Tendons: very strong, non-elastic cords joining the muscle to the bone

Cartilage: Tough and flexible tissue act as a buffer between bones and joints

Liagments: Link the joints

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The skeleton

The skeleton


  • Movements at joints
  • Support for muscles and vital organs
  • Shape of body
  • Protection
  • Blood-cell production in the bone marrow


  • Long bones (e.g femur)
  • Short bones (e.g phalanges)
  • Flat or plate bones (e.g skull)
  • Irregular bones (e.g vertebrae)
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Role of skeletal system

Role of skeletal system


  • Freely moveable (e.g synovial joints)
  • Slightly moveable (e.g vertebrae in the spine)
  • Immovable (e.g skull)


  • Flexion - e.g bending the elbow
  • Extension - when the angle at the joint is increased
  • Abduction- movement of bone away from midline of body
  • Abbduction- Where the bone moves inwards towards the body
  • Rotation- Where the bone or limb moves freely in a cave
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Muscle Movements

Muscle movements

  • Flexors- muscles that bend a limb at a joint by contracting
  • Extensors- work with and against flexors and straighten a limb a joint by contracting
  • Adductors- move a limb towards the body
  • Abductors- move a limb away from the body

Isotonic contractions- can be concentric (when muscle shortens) or eccentric (when muscle lengthens to original state)

Isometric contractions- Muscles working to keep, joint stable

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Muscle movements

Muscle movements

Origin- the end of the muscle attached to the fixed bone

Insertion- the end of the muscle attached to the bone that moves

Prime mover- the muscle that initally contracts to start a movement (also know agonist)

Antagonist- the muscle that relaxes to allow a movement to take place

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Muscular system

Muscular system

Three types of muscle:

1. skeletal- Know voluntary muscles make up majority of muscles in the body. these muscles are under our consoious control

2. Cardiac muscles- Invountary muscles they work automatically and constantly

3. Involuntary- muscles you cannot control found in the walls of intestines and blood vessels. They contract to allow crucial body funtions

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The respiratory system

The respiratory system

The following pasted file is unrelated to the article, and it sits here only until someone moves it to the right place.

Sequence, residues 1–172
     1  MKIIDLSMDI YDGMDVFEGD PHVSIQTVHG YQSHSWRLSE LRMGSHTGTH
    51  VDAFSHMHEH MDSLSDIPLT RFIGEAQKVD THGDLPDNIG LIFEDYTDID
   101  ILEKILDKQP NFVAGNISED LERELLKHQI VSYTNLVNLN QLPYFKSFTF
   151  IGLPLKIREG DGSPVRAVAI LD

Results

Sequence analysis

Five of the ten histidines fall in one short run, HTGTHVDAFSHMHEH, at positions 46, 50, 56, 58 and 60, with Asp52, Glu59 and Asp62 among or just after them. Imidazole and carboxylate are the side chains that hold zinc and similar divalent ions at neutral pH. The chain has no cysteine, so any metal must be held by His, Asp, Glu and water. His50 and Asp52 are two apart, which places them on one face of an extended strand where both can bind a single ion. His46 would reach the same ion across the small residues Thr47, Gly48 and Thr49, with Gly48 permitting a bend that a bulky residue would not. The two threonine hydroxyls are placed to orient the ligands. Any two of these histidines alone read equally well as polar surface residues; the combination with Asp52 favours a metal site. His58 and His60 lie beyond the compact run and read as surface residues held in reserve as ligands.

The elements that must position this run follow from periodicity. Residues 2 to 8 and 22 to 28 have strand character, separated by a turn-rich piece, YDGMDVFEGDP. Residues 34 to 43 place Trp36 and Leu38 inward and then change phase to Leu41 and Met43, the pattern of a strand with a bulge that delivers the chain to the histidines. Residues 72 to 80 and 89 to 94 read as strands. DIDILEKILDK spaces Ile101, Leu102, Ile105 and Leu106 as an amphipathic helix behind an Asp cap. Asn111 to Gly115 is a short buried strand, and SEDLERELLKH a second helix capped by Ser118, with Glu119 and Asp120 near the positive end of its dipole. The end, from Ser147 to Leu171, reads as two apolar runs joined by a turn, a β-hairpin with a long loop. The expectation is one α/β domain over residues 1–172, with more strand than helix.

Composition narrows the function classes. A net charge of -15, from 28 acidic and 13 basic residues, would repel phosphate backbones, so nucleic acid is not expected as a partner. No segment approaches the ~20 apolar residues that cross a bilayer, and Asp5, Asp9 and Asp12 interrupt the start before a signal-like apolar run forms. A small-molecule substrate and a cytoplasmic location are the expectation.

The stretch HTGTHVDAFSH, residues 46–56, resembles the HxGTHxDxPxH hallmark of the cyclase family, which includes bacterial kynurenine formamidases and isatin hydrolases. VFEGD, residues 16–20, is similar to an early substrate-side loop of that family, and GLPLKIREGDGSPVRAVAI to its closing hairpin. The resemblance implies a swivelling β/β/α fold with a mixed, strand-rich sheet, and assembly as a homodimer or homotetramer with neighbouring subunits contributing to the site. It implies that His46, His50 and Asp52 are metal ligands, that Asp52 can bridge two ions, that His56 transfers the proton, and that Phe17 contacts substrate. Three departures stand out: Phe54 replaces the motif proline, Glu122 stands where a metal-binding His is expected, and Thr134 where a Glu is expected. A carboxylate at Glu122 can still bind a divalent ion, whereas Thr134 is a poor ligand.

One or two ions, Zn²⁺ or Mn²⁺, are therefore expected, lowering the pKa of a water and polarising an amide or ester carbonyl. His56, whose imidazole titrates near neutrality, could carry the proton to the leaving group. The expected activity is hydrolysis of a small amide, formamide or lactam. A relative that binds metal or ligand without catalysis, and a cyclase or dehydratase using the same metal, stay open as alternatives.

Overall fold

Aerobic respiration: respiration that occurs in the presence of oxygen. For example marathon running

Glucose + oxygen = (energy) + carbon dioxide + water

Anaerobic respiration: respiration that occurs in the absence of oxygen and an example is 100m sprint. No oxygen in muscles

Glucose = (energy) + lactic acid

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Cardiovascular system

Cardiovascular system

  • Blood pressure- the force of the circulating blood on the walls of the artiries
  • Max heart rate = 220 minus age
  • Training zone- the range of the heart rate within a specific training effect will take place
  • Cardio. endurance- The ability of the heart and lungs to keep supplying oxygen in the blood stream to the body
  • Improving cardio endurance- take part in excersise that raises your pulse
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Definition of health:

A state of complete pyhsical, mental and social wellbeing and not merely the absence of disease or infirmity

  • Performance enhancing drugs are unlawful drugs that help improve performance
  • Smoking can cause bronchitis, lung cancer, heart disease etc
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Healthy lifestyle

Healthy lifestyle

Sedentary- Physically inactive for long periods of time

Changes to body when excersising:

  • Heart rate increases
  • Body temperature increases
  • Muscles become tired or heavy
  • Increased breathing
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First Aid

First Aid





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Social groupings

Social groupings


  • Can get you involved in sports
  • Huge influence on lifestyle


  • Can have positive effect as encouragement helps motivate them to do sport
  • Can also have a negative effect


  • Certain sports are associated with certain genders


  • Can be an affect on particaption due to clothing
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ICT in sport

Ict in sport

Using things such as hawk-eye, hot spot, vibration sensors, slow motion camera etc

All this helps to referee or umpire to make a decision, This also helps pundits and professionals to analysis sporting games and events.

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Role Models

Role Models

Good characteristics:

  • Competing or playing fairly anf by the rules
  • Being inspirational
  • Good levels performer in their own night and sucessful and famous through this
  • Setting trends
  • Shaping attitudes
  • Being accessiable
  • Taking part in popular in popular activity

For the sportsperson this could mean, no privacy, media pressure, pressure on status

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  • Concentrate on their , sport wihtout fincial worries
  • Sports can be promoted and successful
  • Competitions can be bigger and better
  • Sponsors will get get increased advertising, revenue, image etc


  • Sponsors may "take over" the sport to dictate rules changes, clothing requirements, or timing at the events due to media links and coverage
  • If the image of the sport is the damage the sponsor can withdraw support
  • Minority sports find it difficult to find sponsors
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unacceptable sponsorships:

  • Tabacco or smoking companies
  • Alchol companies
  • Fast food

Depending on the sponsor  you can recieve free, equipment, clothing, accersories, transport and travel, training, entry fees and expenses

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Lesuire and Recreation

Lesuire and recreation

Lesuire time:

The time you have spare when you can choose what to do (time not eating/sleeping/hygiene/ and at work). there are two types of lesuire; active and passive 


  • Intrisic reward- and activity that gives a person individual satisfaction
  • Extrinsic reward- An activity done for a reward that is visible to others
  • Activites differ due to age, location, provision and cost
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Sport in the media

Sports in the media

  • Tv
  • Radio
  • Internet
  • Newspapers and magazines

The four main types of output are:

  • Entertaining programmes
  • Informative programmes
  • Educational programmes
  • Instructive programmes